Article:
Tom Gresham’s new YouTube series—First Person Defender—is usually bang-on when it comes to defensive gun use tips and techniques. In this convenience store simunition simulation, not so much. When the deal finally goes down (5:15), the shooter immediately goes for her gun and pays the [pain] penalty. It’s a completely understandable reaction; Michelle’s in protective clothing with more cameras focused on her than a no-Israeli-supermodel-link-here.The scenario developed within seconds and the shooter crowded her cover and concealment-less space, triggering the fight part of her fight, flight or freeze response. And so Michelle was debriefed and instructed not go for her gun unless it’s a good idea to do so. Hang on. What’s this? The second time out the scenario (12:00) goes wrong again. Not to put too fine a point on it . . .
Why did Michelle shoot the robber in the back? Didn’t the instructor tell her to get out of Dodge if and when the getting’s good?
When the bad guy’s gun was focused on the clerk Michelle should have left, hidden or at least found cover (a problem with running a sim in a semi-sterile environment). Shooting a bad guy when the gun’s faced away from her, when his attention is on the clerk? That was a HUGE no-no.
OK, maybe not a HUGE no-no. Anytime you emerge from a gunfight alive is a win. Only . . . was this a gun fight? It looks like a robbery to me.
If the bad guy had escalated the situation, if he’d beaten the clerk or threatened to shoot, well then. If he’d fired off a shot, sure. If he started herding people into a back room, fine. But in this case he may have just taken the money and left. Which would have been the best possible outcome for all involved.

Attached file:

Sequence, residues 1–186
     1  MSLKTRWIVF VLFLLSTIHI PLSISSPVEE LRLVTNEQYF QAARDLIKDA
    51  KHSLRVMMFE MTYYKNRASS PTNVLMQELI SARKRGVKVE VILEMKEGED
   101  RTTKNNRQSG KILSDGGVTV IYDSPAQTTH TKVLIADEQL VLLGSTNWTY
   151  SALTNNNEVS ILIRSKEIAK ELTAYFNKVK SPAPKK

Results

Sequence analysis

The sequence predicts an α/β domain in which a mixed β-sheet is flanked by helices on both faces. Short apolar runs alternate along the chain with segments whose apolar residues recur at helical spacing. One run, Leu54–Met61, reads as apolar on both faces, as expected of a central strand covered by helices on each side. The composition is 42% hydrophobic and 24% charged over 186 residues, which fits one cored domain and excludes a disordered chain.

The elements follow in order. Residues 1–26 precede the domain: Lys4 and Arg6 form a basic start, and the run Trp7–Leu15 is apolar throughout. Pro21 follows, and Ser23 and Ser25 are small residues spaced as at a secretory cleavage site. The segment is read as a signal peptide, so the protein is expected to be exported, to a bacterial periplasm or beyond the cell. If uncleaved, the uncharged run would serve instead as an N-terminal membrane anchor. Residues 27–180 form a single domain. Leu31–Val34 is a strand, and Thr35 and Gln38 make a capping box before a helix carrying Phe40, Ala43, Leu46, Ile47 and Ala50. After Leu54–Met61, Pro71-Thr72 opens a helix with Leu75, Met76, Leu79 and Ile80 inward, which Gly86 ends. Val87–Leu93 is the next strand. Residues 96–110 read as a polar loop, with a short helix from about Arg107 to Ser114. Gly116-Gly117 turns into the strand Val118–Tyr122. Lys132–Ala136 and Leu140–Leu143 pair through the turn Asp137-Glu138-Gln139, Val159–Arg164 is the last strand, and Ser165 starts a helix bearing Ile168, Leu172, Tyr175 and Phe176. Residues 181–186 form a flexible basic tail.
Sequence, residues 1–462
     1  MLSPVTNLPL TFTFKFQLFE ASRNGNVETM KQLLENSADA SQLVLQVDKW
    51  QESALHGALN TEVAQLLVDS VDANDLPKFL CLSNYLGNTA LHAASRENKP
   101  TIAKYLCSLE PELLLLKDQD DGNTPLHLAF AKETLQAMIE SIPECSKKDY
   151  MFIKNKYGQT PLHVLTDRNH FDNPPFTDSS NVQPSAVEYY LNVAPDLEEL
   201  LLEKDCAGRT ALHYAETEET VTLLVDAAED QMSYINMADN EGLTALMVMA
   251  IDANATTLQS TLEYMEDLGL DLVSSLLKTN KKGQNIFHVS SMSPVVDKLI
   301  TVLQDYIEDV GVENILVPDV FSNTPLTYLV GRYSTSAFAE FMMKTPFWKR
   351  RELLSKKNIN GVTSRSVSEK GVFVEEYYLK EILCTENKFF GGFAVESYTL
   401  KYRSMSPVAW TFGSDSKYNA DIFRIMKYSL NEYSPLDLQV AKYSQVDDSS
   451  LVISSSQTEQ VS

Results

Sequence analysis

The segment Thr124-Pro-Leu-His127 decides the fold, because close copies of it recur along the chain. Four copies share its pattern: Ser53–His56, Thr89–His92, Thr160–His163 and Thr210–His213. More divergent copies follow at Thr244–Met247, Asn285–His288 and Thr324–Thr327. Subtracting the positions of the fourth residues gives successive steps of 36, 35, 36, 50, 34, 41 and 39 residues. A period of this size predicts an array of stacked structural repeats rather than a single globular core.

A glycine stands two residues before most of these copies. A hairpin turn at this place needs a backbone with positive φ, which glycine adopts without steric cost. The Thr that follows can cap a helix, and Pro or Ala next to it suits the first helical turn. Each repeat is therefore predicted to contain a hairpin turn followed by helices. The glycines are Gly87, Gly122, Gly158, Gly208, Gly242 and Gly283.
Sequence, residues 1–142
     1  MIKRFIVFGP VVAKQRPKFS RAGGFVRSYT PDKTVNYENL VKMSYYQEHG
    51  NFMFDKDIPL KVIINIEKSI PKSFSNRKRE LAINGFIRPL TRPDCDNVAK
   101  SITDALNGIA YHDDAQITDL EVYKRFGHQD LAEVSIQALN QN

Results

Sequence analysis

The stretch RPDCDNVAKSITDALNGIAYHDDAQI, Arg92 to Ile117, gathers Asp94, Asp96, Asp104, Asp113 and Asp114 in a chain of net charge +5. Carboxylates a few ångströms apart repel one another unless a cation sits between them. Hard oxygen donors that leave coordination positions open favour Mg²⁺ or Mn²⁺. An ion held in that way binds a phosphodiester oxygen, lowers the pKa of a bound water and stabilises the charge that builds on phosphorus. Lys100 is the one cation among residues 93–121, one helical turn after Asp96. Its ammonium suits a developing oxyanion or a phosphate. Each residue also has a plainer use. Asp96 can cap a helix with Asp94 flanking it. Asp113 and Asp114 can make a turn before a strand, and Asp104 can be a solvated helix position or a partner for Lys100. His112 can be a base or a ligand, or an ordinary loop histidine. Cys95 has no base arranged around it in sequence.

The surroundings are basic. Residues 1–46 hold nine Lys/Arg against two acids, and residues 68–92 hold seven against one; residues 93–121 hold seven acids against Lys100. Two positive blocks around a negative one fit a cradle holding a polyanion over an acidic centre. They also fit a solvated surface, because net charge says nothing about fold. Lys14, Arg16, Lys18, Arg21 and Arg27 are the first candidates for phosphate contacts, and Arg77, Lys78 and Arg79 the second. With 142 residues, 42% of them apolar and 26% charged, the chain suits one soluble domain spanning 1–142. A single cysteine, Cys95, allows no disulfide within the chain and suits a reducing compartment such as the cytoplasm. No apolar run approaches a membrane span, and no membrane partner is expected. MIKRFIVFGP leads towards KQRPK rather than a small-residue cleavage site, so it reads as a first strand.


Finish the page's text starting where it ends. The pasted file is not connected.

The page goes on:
Also, Michelle seemed awfully relaxed after she shot the bad guy. She immediately tries (struggles) to reholster her gun. What about finding cover to allow for the possibility of bad guy number two or three or four? And I’m still not feeling off-body purse carry, given the difficulty of extracting a weapon and the possibility of losing control of the gun (i.e. losing it).
The most important lesson an armed self-defender should I glean from this sim: wait! When the adrenalin’s flowing in the real world, you have a lot more time than you think you have to weigh your options. Which is just as well. The situation is way more confusing than it is under controlled conditions. There’s a famous example (somewhere) where the bad guy and the good guy swap places: bad guy behind the counter robbing the ’til, good guy facing him with a gun. Know they enemy? Fo’ shizzle.
Things are not always what they seem, and shooting the wrong guy—or not enough guys—-can ruin your whole day. Equally, waiting is not freezing. It’s giving yourself the chance—usually a split second—to avoid making a mistake that could cost you your life and/or your livelihood.